Fifteen years ago, the idea for creating the area’s finest mountain bike trails at Britton Peak (Tofte, Minnesota) and the Pincushion Trail System (Grand Marais, Minnesota) began coming to life. Getting permission to flag, design and build the trails (the first to be allowed on national forest land in Minnesota) was the biggest hurdle. A planned visit from the Eagle Scouts of America looking for projects to be involved with on the Superior National Forest helped to push officials to allow it. Initially, two non-profit organizations: the Superior Cycling Association and Sugarbush Trail Association were able to scrape together enough funding and volunteers from multiple sources to make it all happen. Even in those early days of trail building, a much grander plan was in the back of their minds: adding a high quality trail system connecting the communities of Tofte, Lutsen and Grand Marais. The goal was to make the North Shore a destination riding area for mountain bikers all over the country.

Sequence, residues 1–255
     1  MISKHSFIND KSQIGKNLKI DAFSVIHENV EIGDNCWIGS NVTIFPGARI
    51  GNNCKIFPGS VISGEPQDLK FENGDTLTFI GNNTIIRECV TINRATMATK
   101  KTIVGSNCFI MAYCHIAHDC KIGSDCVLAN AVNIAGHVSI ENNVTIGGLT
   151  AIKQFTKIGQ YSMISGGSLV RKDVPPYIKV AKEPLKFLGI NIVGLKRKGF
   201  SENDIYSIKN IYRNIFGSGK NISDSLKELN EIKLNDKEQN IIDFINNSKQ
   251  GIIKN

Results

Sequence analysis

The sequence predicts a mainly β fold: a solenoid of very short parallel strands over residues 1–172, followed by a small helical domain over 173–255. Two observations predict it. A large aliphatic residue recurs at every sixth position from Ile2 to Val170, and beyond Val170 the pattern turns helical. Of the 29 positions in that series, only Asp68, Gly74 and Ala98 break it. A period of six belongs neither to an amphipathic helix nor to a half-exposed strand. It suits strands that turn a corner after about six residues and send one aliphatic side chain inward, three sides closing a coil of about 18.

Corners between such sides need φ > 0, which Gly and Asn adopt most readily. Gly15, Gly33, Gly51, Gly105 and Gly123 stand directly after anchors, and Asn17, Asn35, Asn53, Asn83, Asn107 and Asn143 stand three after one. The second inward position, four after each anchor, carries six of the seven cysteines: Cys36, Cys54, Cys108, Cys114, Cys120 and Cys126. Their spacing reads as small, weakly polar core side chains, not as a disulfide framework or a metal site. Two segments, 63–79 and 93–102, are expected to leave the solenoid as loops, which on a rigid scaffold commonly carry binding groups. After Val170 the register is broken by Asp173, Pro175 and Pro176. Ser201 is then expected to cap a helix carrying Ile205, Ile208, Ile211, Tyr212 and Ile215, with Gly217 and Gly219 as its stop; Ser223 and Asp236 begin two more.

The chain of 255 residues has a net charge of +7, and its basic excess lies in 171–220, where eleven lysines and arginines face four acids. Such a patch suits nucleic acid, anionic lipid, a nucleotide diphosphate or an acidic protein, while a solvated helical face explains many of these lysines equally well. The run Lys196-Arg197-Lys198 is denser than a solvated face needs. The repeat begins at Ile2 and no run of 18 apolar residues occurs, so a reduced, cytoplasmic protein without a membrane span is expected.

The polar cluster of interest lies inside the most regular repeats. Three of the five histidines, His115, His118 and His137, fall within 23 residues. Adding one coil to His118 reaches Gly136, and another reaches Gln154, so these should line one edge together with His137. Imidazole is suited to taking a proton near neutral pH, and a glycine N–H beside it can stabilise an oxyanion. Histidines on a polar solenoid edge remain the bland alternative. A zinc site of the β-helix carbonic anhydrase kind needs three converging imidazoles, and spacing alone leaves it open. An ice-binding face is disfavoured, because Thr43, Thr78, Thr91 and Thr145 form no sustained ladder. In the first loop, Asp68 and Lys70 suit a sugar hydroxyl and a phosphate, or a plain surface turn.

Today, that dream is starting to come to fruition: a 1.2 million dollar wilderness flow trail, called Jackpot, is beginning to be built between Britton Peak in Tofte and Lutsen Mountains near Lutsen. Well over half of the trail to Lutsen is complete as of the time of this writing (mid-July 2019) and the remaining section of the intermediate trail is expected to be complete by the end of the summer. It will be an amazing, one-of-a-kind riding experience for bikers as it flows over and around ancient rock formations, past old growth cedar, under a dense maple canopy and through beautiful boreal forest.
The trail is being constructed by Rock Solid Trail Contracting, a company based out of Copper Harbor, Michigan, who incorporates the latest trail building technology. Watching their teams build a trail is an incredible experience (imagine two very capable excavators working in tandem contouring the trail while being followed by a rock armoring crew that places smaller rock like a jigsaw puzzle and a finishing crew that tamps down the trail and makes it smooth). They’re averaging roughly 300 feet of finished trail each work day.